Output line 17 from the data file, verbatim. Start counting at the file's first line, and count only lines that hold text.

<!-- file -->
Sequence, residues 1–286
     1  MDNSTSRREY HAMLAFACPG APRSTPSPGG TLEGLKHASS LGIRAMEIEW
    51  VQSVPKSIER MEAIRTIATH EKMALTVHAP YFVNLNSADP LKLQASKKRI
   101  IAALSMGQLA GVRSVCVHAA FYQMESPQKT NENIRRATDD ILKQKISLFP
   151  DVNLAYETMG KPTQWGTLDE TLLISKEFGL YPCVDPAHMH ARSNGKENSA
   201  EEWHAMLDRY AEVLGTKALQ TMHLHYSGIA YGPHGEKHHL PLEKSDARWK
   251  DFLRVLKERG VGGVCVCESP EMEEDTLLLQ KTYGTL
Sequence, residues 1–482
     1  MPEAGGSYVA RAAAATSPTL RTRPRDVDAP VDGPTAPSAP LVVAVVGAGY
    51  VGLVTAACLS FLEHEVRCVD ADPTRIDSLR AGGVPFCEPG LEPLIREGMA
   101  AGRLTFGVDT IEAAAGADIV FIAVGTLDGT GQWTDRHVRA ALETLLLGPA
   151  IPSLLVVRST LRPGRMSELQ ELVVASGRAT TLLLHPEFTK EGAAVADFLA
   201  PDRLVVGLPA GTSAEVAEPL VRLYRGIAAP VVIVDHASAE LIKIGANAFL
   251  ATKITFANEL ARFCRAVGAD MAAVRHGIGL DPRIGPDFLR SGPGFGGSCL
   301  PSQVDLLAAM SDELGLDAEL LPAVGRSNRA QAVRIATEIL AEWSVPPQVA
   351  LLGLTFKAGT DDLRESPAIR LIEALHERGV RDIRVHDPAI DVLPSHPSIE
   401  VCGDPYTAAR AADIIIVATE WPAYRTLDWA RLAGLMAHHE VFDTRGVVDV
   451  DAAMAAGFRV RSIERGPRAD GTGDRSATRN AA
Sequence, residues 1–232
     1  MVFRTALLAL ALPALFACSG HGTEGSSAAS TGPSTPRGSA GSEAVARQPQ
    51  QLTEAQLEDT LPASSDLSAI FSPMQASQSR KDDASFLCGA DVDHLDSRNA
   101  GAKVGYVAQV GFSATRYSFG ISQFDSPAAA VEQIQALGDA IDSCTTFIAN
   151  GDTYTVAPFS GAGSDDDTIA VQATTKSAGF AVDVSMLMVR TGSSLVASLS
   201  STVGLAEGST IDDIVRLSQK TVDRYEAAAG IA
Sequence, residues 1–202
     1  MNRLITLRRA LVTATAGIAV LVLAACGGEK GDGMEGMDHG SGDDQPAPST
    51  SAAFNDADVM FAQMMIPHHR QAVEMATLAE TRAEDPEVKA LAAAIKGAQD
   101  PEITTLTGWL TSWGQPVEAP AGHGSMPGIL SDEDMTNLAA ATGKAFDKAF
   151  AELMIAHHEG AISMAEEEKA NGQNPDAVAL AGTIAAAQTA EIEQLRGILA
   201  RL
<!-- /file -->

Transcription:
   401  VCGDPYTAAR AADIIIVATE WPAYRTLDWA RLAGLMAHHE VFDTRGVVDV